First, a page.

What are some key trends in the book publishing industry in India, which you may have observed in the last 5-6 years?

Non-fiction, especially self-help and personality development, has been doing quite well for the past few years. I think the pandemic has been a major contributor to this trend. The last few years have been extremely stressful for most of us. People want to read books that help alleviate stress or aid in getting ahead, becoming smarter, quicker, more productive.  Business books, memoirs and biographies of Bollywood stars and famous/infamous politicians, narratives of lesser-known freedom fighters, historical and controversial figures, military history, stories that showcase military valour, etc., have been sources of steady business. Fiction has taken a big hit but that doesn’t mean there is no room for fiction. Tomb of Sand hit the headlines and made a cosy space for itself in every bookshop. Historical and mythological fiction too continue to do well.

Translations are doing very well. More publishers are now open to publishing gems from regional languages that have hitherto remained unknown because of language barriers. At Manjul, it has been our constant endeavour to bring the best of books, both from international as well as our domestic markets, to readers who prefer reading in vernacular languages. There is now a significant market for eBooks and audiobooks of these translations too. We saw a spike in eBook sales not just for our English books but also for our translations, especially during the pandemic.

‘Smaller publishers are more flexible. They can shift gears and expand into other segments that have potential and experiment with genres,’ says Rashmi

In India, what are some of the biggest opportunities today for relatively smaller publishers? Are there any niches / genres that bigger publishers don’t want to get into and where smaller (and more nimble?) publishing companies can work profitably? How does Amaryllis differentiate itself from some of the bigger publishing houses in the country?

Big or small, all publishers are experimenting to a certain extent. But a smaller publisher might have the advantage of having what no other publisher can offer. For example, Manjul Publishing House, the parent company of Amaryllis, has over the years, single-handedly created a niche market for high-quality Indian language translations of international bestsellers, and has emerged as the front-runner in the translations publishing segment of the Indian publishing industry. When we acquire a book, we can offer to publish it not just in English but several Indian languages too, depending on which regional pockets we see it succeeding in. We have published the books of authors such as Chitra Banerjee Divakaruni, Yuval Noah Harari, JK Rowling, Rhonda Byrne, James Clear, apart from many other famous names in multiple Indian languages, thus catering to the diversity that is India. Apart from this, there are of course, many advantages. Smaller publishers are more flexible. They can shift gears and expand into other segments that have potential and experiment with genres. Over the past few years, a lot of international academic publishers have either shut down their offices in India or cut down on operations. This leaves a big vacuum which independent Indian publishers can easily tap into. The test prep market is another big segment in which local publishers have a very strong hold. The overheads of MNCs are quite high and they work according to fixed terms, whereas smaller publishers have lesser overheads, are open to negotiations and do not necessarily have to stick to set procedures.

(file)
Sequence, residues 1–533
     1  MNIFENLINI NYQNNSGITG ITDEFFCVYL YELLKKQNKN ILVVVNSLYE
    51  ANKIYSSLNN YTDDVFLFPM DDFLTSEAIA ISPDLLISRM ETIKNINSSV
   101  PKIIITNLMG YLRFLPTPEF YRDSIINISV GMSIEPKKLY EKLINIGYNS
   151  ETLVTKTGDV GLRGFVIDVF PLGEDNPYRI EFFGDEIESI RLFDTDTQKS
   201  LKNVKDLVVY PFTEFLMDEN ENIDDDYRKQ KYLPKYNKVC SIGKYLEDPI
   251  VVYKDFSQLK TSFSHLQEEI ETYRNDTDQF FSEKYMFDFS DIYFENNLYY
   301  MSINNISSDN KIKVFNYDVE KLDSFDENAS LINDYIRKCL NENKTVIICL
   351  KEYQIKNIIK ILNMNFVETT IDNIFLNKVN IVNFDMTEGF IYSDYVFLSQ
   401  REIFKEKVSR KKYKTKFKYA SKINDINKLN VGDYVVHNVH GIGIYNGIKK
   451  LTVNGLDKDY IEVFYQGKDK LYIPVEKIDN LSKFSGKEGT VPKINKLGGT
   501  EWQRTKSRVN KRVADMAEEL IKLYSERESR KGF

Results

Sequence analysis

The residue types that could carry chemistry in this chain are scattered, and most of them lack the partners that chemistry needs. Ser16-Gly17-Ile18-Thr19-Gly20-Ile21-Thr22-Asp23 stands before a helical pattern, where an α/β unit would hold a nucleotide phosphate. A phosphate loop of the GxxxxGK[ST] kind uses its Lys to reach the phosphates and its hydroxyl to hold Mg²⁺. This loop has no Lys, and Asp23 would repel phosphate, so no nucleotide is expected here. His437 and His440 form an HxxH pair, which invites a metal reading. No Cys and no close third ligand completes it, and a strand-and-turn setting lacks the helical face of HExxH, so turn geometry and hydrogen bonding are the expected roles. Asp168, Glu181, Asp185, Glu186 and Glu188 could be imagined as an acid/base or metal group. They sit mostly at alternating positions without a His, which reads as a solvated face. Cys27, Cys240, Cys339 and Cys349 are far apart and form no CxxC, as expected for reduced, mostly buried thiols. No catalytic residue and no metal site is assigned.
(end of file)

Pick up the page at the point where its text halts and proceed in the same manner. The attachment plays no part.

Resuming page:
The wind beneath Amaryllis’s wings is Manjul Publishing House and its solid presence in the translations segment. When Amaryllis commissions authors, it has the ability to offer multi-language deals. We are open to the idea of translating from other foreign languages too. A case in point being the internationally bestselling author Bernhard Moestl’s Shaolin: How to Win Without Fighting. We acquired the book from a German publisher, got it translated into English (a huge investment and a first for us) and are now bringing out the book in three other languages – Hindi, Malayalam and Marathi.

Our list is selective and we do a limited number of books per year. This ensures that every author of ours gets personalised attention. We give a lot of time and attention to bringing out fabulous covers and beautiful book layouts. We are also quite open to dabbling in different genres. Though our list mainly comprises commercial fiction and non-fiction, we recently published a book that is somewhat academic in nature. Indian Roots, Ivy Admits: 85 Essays that got Indian Students into the Ivy League and Stanford by India’s leading education counsellors Viral Doshi and Mridula Maluste, has become our perennial bestseller. The book has helped thousands of students ease their common app essay writing anxiety and won us heart-warming feedback.